Course Hero. "The Adventures of Tom Sawyer Study Guide." Course Hero. 17 May 2017. Web. 23 Sep. 2018. <https://www.coursehero.com/lit/The-Adventures-of-Tom-Sawyer/>.
Course Hero. (2017, May 17). The Adventures of Tom Sawyer Study Guide. In Course Hero. Retrieved September 23, 2018, from https://www.coursehero.com/lit/The-Adventures-of-Tom-Sawyer/
(Course Hero, 2017)
Course Hero. "The Adventures of Tom Sawyer Study Guide." May 17, 2017. Accessed September 23, 2018. https://www.coursehero.com/lit/The-Adventures-of-Tom-Sawyer/.
Course Hero, "The Adventures of Tom Sawyer Study Guide," May 17, 2017, accessed September 23, 2018, https://www.coursehero.com/lit/The-Adventures-of-Tom-Sawyer/.
The Adventures of Tom Sawyer takes place in the mid-1800s in a town along the Mississippi River. (Readers can deduce that it is sometime between 1836 and 1846 because of a note in the preface from 1876 stating that it was "thirty or forty years ago.") The main character, Tom Sawyer, and his younger half-brother, Sidney, live with their aunt Polly in St. Petersburg, Missouri.
At the novel's opening Tom is in trouble for breaking the rules: pilfering jam, lying to his aunt, and sneaking out. Aunt Polly's response to Tom's actions flits between sorrow, laughter, prayer, and punishment. Tom's rule-breaking behavior will continue for the entire novel, as will responses of alternating anger and concern from the female figures in his life. Not all of his misadventures are equal, but the first instance of punishment stands out because it shows not only his character, but also his relationship with his peers. When Tom is sentenced by Aunt Polly to whitewash the fence, he manages to convince other boys to do the work as well as to pay him to do so. Of course Tom lets Aunt Polly believe that he has done the work himself and collects another treat from her before going out. While out, Tom sees Becky Thatcher for the first time. He's smitten. His relationship with and pursuit of Becky drive a significant portion of the book.
In addition to Tom's boyish troubles with Aunt Polly and his pursuit of Becky, the novel develops a third narrative thread: his more complicated adventures with Huckleberry Finn, which begin when Tom makes plans to go to the graveyard with Huck. These three threads are entwined throughout the novel and together drive the narrative action.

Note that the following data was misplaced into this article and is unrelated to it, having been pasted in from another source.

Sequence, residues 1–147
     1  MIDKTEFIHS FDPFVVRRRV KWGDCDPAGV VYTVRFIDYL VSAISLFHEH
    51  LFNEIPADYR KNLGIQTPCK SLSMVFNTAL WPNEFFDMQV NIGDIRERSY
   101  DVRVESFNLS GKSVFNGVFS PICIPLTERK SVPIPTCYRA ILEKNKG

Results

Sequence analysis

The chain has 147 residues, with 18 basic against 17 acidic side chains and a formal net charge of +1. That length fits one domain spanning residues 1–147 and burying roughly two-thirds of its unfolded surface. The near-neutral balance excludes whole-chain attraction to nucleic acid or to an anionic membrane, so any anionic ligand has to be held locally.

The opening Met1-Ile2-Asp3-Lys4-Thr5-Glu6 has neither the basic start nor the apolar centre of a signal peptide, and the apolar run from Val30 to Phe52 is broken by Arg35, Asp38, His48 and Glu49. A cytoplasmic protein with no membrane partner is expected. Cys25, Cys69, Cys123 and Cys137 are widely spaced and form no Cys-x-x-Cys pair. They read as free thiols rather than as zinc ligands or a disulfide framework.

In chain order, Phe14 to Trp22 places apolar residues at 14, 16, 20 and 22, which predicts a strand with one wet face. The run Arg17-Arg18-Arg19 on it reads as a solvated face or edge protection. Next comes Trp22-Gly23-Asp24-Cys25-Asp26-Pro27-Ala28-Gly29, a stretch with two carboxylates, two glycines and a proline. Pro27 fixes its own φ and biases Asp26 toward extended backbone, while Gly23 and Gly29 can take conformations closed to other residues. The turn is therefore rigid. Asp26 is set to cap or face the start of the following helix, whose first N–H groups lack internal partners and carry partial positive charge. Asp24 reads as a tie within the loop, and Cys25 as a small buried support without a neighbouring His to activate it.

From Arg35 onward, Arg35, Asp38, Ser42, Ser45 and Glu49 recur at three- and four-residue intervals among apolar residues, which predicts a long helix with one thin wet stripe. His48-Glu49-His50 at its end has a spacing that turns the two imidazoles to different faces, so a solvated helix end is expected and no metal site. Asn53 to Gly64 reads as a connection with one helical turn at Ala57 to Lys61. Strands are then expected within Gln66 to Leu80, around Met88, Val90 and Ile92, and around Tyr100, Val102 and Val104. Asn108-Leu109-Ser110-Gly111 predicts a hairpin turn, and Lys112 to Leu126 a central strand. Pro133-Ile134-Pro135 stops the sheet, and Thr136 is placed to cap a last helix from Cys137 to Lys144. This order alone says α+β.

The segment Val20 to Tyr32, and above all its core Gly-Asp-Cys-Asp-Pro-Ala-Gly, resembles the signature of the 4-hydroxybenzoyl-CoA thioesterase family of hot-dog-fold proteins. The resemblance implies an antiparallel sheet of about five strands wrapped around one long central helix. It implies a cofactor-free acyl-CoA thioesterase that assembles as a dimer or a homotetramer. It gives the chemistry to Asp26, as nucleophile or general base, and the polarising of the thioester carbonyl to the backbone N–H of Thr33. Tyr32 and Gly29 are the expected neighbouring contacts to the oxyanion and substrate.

At school, after being punished for tardiness, Tom meets Becky face-to-face. After some mild flirting Tom and Becky make plans to meet. They speak further at the noon break, and both of them are happy—so much so that Tom suggests they get engaged and kiss. Becky is receptive until Tom slips and mentions his last love interest, Amy Lawrence. At this point Becky cries and turns away, even when Tom offers her a gift—an andiron knob. She knocks it to the floor, and Tom leaves. Once he leaves he decides to become a pirate, commencing typical boyhood adventures—exploring superstitions and imagining himself an outlaw in Sherwood Forest with his friend, Joe Harper.
Later that night Tom slips out of his house to meet Huck Finn as planned. This adventure in the graveyard is the primary driver of the action for the rest of the book. As the boys go to the graveyard, they witness what they first imagine to be something supernatural. From their hiding place, however, Tom and Huck see Muff Potter (the town drunk), Injun Joe (a known criminal), and Dr. Robinson. The boys watch as the grave robbers dig up a corpse and put it in a wheelbarrow. Injun Joe reminds the doctor that he'd turned him away and that Dr. Robinson's father "had [him] jailed for a vagrant." A scuffle ensues. When Muff Potter falls to the ground, Injun Joe stabs the doctor. Tom and Huck flee. Joe puts the knife in Potter's hand. In his drunken state, Muff Potter believes that he is the killer. Injun Joe suggests that Potter flee, saying, "Don't leave any tracks behind you."
Tom and Huck weigh the possibilities, not knowing if the doctor is dead or that Muff Potter believes he's the killer. They agree that they will not tell anyone because they'd be in danger if they did. Tom writes up a contract, and they sign it in blood. However, Muff Potter does not flee. Instead he's caught and imprisoned for a murder that only Tom, Huck, and Injun Joe know he didn't commit. Injun Joe swears under oath that Potter murdered the doctor. Tom and Huck remain silent.
All three narrative threads intersect at this point: Tom eases his guilt by giving Potter gifts through the jail window, his mood further declines because Becky is sick and not in school, and Aunt Polly is worried about him because of his mood. She administers a series of suspect treatments until Tom is caught giving his so-called medicine to the cat. At that point Aunt Polly realizes that she may have been wrong. She tells him she meant well and points out that it did help.
Becky returns to school, but Tom is once more rejected by her. He speaks to Joe Harper, and the boys decide to "stand together." They run away to a little island in the Mississippi River and invite Huck to join them. The three boys play at being pirates and swimming in the river, returning for their funerals when they discover the town thinks they've drowned. They are greeted with rejoicing. Afterward Tom reveals in detail what he had witnessed while spying on Aunt Polly and Mrs. Harper when he came back briefly during their island escapade. However, he lets Aunt Polly think he had seen all of it in a dream. Sid sees through him, but Aunt Polly believes Tom.